Irritable Syndrome Syndrome


Article Author:
Nicolas Patel


Article Editor:
Karen Shackelford


Editors In Chief:
Dustin Constant
Donald Kushner


Managing Editors:
Avais Raja
Orawan Chaigasame
Carrie Smith
Abdul Waheed
Khalid Alsayouri
Trevor Nezwek
Radia Jamil
Patrick Le
Anoosh Zafar Gondal
Saad Nazir
William Gossman
Hassam Zulfiqar
Hussain Sajjad
Steve Bhimji
Muhammad Hashmi
John Shell
Matthew Varacallo
Heba Mahdy
Ahmad Malik
Sarosh Vaqar
Mark Pellegrini
James Hughes
Beata Beatty
Beenish Sohail
Nazia Sadiq
Hajira Basit
Phillip Hynes


Updated:
1/9/2019 12:34:33 PM

Introduction

Irritable bowel syndrome (IBS) is one of the most commonly diagnosed gastrointestinal diseases. IBS, in the absence of any other causative disease, is defined as the presence of abdominal pain or discomfort with altered bowel habits. Diagnosis of IBS has evolved since its first discovery, and today the Rome III diagnostic criteria are used to diagnose IBS. Depending on the subclass of IBS, symptoms can be managed by a variety of medications and nonpharmaceutical agents. Nonetheless, IBS treatment should be individualized, and a significant factor in management remains a strong patient-physician relationship.[1]

Etiology

The etiology of IBS is broad and not clearly understood. However, as below in the pathophysiology section, motility, visceral sensation, brain-gut interaction, and psychosocial distress can all play a role in the development of IBS.

Epidemiology

Nearly 12 percent of patients seek medical care in primary care practices for IBS related complaints.[1][2] Studies have demonstrated that the prevalence of IBS ranges between ten and fifteen percent, however, the majority of these patients do not seek medical care.[1] IBS is most prevalent in South America at approximately 21 percent and least prevalent in Southeast Asia at 7 percent.[3][4] In the United States, Canada, and Isreal, IBS symptoms are 1.5 to 2 times more prevalent among women than men.[5] Moreover, women are more likely to report abdominal pain and constipation whereas men are more likely to report diarrhea.[5] The prevalence of IBS also decreases with age.[3] IBS can also be broken down into more specific diagnosis which includes IBS with diarrhea (IBS-D), IBS with constipation (IBS-C), and IBS with mixed bowel pattern (IBS-M). The prevalence of these three diagnoses differs in the United States versus Europe. In the United States, there is an equal distribution of these diagnoses whereas in Europe IBS-C or IBS-M can be more prevalent.[6]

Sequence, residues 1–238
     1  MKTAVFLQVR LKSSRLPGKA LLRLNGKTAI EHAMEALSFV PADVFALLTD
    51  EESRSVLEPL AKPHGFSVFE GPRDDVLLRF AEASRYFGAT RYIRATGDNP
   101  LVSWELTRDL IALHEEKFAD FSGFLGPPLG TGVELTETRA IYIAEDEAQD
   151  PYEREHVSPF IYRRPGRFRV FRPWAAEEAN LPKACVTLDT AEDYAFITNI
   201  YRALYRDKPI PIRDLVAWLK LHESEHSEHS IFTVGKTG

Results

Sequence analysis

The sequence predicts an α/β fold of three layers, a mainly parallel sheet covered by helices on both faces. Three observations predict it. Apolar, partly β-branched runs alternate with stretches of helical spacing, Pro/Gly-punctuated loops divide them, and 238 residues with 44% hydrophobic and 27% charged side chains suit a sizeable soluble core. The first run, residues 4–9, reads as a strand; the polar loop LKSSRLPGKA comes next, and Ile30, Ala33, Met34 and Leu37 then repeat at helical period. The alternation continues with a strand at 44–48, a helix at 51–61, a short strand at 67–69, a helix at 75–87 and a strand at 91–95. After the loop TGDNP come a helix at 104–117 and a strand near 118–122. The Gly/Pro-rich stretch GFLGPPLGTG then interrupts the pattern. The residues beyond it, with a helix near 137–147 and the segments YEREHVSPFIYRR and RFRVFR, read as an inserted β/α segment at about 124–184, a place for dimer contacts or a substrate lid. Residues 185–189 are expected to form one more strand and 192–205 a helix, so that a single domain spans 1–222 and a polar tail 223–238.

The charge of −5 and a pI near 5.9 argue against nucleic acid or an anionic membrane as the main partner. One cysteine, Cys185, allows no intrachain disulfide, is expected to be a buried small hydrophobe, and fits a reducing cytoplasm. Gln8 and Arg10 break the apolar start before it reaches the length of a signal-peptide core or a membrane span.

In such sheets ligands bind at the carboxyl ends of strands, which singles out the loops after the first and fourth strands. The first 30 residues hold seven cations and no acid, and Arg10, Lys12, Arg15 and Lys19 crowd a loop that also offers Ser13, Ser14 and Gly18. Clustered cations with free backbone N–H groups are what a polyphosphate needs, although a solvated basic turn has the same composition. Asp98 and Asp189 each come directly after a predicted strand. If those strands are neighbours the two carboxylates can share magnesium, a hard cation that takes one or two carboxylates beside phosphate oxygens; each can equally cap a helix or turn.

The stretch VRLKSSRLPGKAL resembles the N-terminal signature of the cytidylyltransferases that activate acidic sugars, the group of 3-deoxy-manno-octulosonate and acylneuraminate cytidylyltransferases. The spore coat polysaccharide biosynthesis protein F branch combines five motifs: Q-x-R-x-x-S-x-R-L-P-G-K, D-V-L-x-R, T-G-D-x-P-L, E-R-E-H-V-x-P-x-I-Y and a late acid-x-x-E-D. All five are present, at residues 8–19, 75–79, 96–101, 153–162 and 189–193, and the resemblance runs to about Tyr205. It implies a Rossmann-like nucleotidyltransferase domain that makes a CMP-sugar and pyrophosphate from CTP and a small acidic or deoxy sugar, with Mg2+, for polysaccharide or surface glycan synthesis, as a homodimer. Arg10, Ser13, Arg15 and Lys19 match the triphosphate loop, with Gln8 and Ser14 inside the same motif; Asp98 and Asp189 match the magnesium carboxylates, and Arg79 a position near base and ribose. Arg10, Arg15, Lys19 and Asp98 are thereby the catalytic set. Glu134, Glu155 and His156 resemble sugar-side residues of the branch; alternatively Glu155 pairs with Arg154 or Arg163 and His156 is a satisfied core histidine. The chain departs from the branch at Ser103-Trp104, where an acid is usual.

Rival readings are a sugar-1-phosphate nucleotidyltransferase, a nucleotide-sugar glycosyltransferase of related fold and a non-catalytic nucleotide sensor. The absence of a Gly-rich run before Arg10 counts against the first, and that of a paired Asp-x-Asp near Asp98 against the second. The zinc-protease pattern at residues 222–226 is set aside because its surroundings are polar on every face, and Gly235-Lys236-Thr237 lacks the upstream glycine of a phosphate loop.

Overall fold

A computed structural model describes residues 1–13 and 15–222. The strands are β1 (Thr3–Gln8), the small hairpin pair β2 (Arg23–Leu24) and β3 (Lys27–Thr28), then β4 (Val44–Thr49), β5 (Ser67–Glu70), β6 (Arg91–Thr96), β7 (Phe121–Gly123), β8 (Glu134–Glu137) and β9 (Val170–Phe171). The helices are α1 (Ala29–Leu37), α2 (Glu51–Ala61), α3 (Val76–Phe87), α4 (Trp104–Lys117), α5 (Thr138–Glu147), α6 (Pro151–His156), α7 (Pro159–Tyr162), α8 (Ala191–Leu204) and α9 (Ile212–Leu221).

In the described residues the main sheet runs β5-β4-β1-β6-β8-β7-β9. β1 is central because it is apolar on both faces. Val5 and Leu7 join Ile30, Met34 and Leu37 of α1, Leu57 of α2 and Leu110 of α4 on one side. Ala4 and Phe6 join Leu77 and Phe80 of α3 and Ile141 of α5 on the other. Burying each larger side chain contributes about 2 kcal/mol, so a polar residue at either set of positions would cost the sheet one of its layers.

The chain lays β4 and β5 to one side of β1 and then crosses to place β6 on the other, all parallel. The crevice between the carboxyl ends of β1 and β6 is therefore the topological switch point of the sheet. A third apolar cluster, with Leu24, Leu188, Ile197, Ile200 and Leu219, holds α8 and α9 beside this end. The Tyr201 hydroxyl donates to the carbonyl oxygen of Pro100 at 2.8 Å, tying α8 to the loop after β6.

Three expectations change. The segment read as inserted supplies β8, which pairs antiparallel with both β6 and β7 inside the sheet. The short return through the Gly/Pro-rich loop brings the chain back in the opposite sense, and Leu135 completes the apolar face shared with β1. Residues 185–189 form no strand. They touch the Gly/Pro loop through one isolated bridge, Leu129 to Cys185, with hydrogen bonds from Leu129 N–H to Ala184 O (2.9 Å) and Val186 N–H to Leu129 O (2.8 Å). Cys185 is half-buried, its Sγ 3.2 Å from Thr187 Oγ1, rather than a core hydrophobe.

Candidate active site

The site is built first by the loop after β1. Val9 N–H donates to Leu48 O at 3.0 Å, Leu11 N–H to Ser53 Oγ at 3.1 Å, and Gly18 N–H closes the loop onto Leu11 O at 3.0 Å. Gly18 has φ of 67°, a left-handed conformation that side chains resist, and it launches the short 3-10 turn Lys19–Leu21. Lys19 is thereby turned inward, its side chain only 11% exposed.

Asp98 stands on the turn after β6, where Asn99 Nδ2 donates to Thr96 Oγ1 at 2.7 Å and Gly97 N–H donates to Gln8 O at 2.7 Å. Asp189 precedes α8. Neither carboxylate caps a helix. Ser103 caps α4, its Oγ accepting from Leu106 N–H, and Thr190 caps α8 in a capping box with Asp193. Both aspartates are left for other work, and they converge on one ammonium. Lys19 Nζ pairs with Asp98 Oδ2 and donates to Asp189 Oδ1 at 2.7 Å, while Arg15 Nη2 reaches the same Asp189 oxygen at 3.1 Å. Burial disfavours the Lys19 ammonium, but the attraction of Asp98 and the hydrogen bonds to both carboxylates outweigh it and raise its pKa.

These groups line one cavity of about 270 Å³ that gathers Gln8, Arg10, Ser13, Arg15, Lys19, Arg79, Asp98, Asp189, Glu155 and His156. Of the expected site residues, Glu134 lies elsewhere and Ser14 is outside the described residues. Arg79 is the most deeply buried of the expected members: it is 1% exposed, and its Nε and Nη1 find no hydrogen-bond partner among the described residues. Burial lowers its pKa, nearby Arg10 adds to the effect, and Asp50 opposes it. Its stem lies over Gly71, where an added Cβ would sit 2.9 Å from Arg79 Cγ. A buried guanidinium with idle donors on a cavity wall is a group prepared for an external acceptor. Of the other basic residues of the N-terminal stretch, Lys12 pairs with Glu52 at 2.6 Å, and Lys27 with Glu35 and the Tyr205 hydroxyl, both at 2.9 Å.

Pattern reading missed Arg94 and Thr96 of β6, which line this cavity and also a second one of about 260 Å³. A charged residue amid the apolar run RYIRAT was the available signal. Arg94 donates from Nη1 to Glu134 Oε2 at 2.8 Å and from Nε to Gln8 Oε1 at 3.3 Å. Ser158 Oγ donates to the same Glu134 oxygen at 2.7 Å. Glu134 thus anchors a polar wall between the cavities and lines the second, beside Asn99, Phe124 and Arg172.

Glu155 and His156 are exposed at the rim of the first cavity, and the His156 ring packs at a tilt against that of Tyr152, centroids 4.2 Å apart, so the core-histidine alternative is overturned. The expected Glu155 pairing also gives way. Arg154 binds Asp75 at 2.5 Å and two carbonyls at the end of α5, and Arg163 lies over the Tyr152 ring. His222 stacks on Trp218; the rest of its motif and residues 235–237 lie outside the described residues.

Pathophysiology

The pathophysiology of IBS is broad and includes abnormalities involving motility, visceral sensation, brain-gut interaction, and psychosocial distress.[3] One of these can usually be demonstrated in the majority of IBS patients however not all symptoms can be attributed to them.[3] Recent studies have also shown altered gut immune activation, and intestinal and colonic microbiome are associated with IBS[3][7][8]. Environmental contributors to IBS include early life stressors, food intolerance, antibiotics, and enteric infections.[3] Patients often complain that IBS symptoms are related to food intake. However, a true food allergen has a limited contribution to IBS.[3][9]

Histopathology

Histopathology examination of the intestinal mucosa in those with IBS can show chronic inflammatory cells, mast cells, enteroendocrine cells, and enteric nerves.[10]. IBS-D is typically associated with a greater increase in mucosal T-lymphocytes than IBS-C.[10][11] Moreover, there can be an increased number of nerve fibers that stain positive for neuron-specific enolase, substance P and 5-HT.[10][12] There also appears to be a significantly increased density of nerve fibers around mast cells.[10][12]

History and Physical

IBS typically consists of abdominal pain or discomfort, altered bowel habits along with either constipation, diarrhea or both. Other complaints in patients with IBS include bloating, distention, symptoms brought on by food intake, and a change in pain location, and stool pattern with time.[3]. Concerning features would include onset after age 50 years old, severe or progressive symptoms, unexplained weight loss, nocturnal diarrhea, rectal bleeding, iron deficiency anemia, or a family history of organic gastrointestinal diseases such as colon cancer, celiac disease, or inflammatory bowel disease.[3] Additional history that would be important would include travel and social history.

The Rome III criteria is used to diagnose IBD, which requires at least 3 days a month in the last 3 months associated with 2 or more of the following: improvement in abdominal pain or discomfort with defecation, onset associated with a change in frequency of stool, and/or an onset accompanied by a change in form or appearance of stool[3].

Evaluation

If no alarm findings exist (weight loss, hematochezia, iron deficiency), routine diagnostic testing is not recommended.[1] If symptoms are not typical of IBS or alarm symptoms are present then a complete blood cell count, comprehensive metabolic panel, inflammatory markers such as erythrocyte sedimentation rate or C-reactive protein, and thyroid stimulating hormone level should be checked.[1] If diarrhea is predominant, fecal leukocytes and stool tests for Clostridium difficile, Giardia, and Cryptosporidium when appropriate should be ordered.[1] Testing for celiac disease may be needed as well, and a tissue transglutaminase or TTG-IgA can be obtained.[1] A colonoscopy may be beneficial when there is a family history of inflammatory bowel disease, colon cancer, or alarm symptoms.[1] If the patient has diarrhea, random biopsies should be done on colonoscopy.[1]

Treatment / Management